Monitoring of soil gas and groundwater levels in-situ is often required as a routine element of the majority of ground investigations, particularly where the potential for hazardous ground gases has been specifically identified as a potential concern as part of the desk study or during the physical investigation works. Monitoring of groundwater levels is also an essential part of both geotechnical and contaminated land investigation.
Monitoring and sampling of groundwater and possible free product is often necessary as part of a contaminated land investigation to identify concentrations of contaminants and determine chemical characteristics. This can range from conventional sampling using bailers in simple standpipe installations to low flow sampling and micro-purging using bladder pumps or other innovative techniques in multi-level installations where complex hydrogeological and contaminant conditions are anticipated. In many cases in-situ measurement of chemical parameters such as pH, Redox, Electrical Conductivity and Dissolved Oxygen is also required.
Applied Geology has the experience and ability to design installation and monitoring programmes and undertake subsequent installation and monitoring of both simple and complex installations for the presence of a wide range of gases, groundwater and products Flow rates can also be monitored, together with other more exotic gases where required. Sampling of soil gas can also be undertaken in Tedlar bags or Gresham tubes for analysis in the laboratory.
This type of work is undertaken as an integral part of the Applied Geology’s investigation process but also specifically for Regulatory Bodies as part of a Waste Management License or validation of a remediation scheme such as in-situ bioremediation or monitored natural attenuation. Applied Geology also offers a contract monitoring and sampling service to other professionals.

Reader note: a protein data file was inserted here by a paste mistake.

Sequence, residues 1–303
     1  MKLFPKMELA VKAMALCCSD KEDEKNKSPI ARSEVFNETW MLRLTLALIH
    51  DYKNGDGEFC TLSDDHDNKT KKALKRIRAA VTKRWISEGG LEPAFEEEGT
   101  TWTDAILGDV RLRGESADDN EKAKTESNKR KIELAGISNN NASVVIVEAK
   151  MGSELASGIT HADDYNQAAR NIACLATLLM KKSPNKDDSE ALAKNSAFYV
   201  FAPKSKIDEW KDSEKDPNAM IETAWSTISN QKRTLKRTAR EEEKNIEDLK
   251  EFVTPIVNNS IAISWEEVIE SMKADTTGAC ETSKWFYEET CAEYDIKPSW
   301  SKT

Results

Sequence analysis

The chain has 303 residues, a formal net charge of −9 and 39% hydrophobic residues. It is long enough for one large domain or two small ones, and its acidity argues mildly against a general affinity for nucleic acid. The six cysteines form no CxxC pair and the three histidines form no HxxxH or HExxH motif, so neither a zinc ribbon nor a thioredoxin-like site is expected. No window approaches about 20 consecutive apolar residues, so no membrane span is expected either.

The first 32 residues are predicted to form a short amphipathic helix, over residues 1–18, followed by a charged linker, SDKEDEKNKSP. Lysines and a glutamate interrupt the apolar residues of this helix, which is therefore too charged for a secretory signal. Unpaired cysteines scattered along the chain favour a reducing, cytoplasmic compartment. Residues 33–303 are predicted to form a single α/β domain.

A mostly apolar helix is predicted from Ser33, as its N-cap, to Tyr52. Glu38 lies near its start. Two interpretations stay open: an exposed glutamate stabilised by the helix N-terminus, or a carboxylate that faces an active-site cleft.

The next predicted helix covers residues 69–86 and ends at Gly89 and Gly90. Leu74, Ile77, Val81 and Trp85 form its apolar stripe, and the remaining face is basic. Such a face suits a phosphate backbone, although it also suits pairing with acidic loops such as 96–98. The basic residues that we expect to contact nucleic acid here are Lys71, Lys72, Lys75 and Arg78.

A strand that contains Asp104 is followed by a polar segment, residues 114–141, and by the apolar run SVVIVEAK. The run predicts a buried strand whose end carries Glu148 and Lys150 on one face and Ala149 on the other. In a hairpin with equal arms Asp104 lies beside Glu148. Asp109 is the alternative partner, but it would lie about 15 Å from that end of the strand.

Specifically however Local Authorities, under their duties under Part IIa of the Environmental Protection Act, are required to undertake monitoring and sampling of, for example, landfills within their boundaries.
Applied Geology has undertaken this work for a number of Local Authorities by carrying out the necessary monitoring of the soil gas and groundwater and reporting the results to both the Local Authority and Environment Agency, including comments on any abnormal results.
Private landfill operators also have a duty to monitor their landfills as part of their license agreement and this has also been undertaken for a number of clients.
On sites that have been previously investigated by others and now inherited by the new owner/developer it is a very useful option to monitor and sample any probes that have been installed.
The installation of probes, and their continued monitoring and sampling, is also a very useful tool in assessing any environmental impairment to a site caused by its particular use or uses. This is now an important element in entering into new leases for premises.
On a particular site of a former scrapyard in Coventry large volumes of methane were detected within a foundry sand infill, but with a low emission rate, probably due to the degradation of linseed oil used as a binder within the foundry sand. In order to quantify the soil gas risk to the proposed residential development a series of flux box tests were undertaken and the data obtained from these tests were used to design a relatively simple gas protection system which was subsequently approved by the Local Authority and National House-Building Council.